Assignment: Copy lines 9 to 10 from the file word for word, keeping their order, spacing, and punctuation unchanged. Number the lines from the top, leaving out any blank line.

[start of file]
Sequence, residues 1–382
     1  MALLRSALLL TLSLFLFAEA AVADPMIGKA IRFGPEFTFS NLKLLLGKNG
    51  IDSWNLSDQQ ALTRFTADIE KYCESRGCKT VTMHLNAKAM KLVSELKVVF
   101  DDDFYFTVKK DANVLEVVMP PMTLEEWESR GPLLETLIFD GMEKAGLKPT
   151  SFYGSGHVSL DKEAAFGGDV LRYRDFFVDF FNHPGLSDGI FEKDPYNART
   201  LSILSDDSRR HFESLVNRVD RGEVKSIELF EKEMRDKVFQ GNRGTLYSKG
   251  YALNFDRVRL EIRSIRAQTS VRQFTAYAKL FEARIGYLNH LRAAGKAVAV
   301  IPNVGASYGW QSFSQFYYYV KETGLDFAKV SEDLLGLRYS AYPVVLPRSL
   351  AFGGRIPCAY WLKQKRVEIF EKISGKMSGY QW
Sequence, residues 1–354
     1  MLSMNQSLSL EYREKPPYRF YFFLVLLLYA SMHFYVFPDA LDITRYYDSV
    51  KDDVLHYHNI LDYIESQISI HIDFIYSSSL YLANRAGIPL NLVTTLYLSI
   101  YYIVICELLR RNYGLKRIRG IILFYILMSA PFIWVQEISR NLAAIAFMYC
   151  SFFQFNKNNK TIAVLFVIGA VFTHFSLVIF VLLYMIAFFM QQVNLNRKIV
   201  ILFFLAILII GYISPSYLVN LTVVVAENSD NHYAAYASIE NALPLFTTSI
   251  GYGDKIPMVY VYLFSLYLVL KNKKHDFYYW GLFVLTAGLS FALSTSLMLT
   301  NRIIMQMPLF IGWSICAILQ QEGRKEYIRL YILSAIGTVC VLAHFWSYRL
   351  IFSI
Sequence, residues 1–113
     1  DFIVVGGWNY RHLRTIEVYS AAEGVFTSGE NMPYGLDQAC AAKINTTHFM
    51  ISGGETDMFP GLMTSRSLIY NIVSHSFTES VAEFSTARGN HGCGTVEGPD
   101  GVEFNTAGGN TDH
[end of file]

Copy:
   351  AFGGRIPCAY WLKQKRVEIF EKISGKMSGY QW
Sequence, residues 1–354